(Bloomberg) -- The Federal Reserve and five other central banks announced coordinated action on Sunday to boost liquidity in US dollar swap arrangements, the latest effort by policymakers to ease growing strains in the global financial system.
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Central banks involved in the dollar swaps will “increase the frequency of 7-day maturity operations from weekly to daily,” the Fed said in a statement coordinated with the Bank of Canada, the Bank of England, the Bank of Japan, the European Central Bank and the Swiss National Bank.
The US central bank has typically provided access to such arrangements at times when there’s a squeeze on the availability of dollars. That can arise because banks outside the US typically have obligations that are denominated in greenbacks, and in times of financial strain have less access to dollar funding.
The move comes amid heightened tension that began with the collapse of three US lenders a week ago. Earlier Sunday, UBS Group AG agreed to buy Credit Suisse Group AG in a government-brokered deal aimed at containing a crisis of confidence that threatened to spread across global financial markets.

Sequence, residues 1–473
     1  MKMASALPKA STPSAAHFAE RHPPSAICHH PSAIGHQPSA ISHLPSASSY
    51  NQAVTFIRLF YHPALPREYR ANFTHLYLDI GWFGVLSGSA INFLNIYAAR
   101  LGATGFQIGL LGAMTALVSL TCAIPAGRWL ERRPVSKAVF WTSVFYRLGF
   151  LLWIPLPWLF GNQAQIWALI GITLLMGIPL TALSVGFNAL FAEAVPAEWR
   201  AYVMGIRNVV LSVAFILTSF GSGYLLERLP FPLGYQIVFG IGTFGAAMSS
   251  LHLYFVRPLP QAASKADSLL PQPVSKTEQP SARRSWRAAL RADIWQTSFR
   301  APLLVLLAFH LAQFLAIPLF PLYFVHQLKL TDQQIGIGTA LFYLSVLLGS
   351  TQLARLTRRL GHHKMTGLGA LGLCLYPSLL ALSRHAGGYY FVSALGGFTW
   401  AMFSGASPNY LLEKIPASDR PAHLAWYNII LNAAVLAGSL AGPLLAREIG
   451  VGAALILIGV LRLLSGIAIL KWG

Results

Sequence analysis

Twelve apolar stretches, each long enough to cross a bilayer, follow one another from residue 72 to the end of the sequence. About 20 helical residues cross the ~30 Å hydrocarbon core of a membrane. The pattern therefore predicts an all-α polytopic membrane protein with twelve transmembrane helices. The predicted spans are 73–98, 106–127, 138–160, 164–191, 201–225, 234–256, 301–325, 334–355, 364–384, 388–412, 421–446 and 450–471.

The boost to swap lines will “enhance the provision of liquidity,” the central banks said, describing the arrangements as “an important liquidity backstop to ease strains in global funding markets” and mitigate the impact on the supply of loans to households and businesses.
The Fed said daily operations will begin on Monday, March 20 and will continue at least through the end of April.
In a joint statement earlier Sunday, the Fed and the US Treasury joined other central banks in welcoming the Credit Suisse rescue. Treasury Secretary Janet Yellen and Fed Chair Jerome Powell stressed that the capital and liquidity of US banks is strong.
Last week, banks rushed to borrow cash from the Fed as they sought to shore up liquidity amid concern about a flight of deposits. Lenders borrowed some $165 billion in total under two backstop facilities. Altogether, the emergency lending reversed several months’ worth of the Fed’s campaign to shrink its balance sheet.
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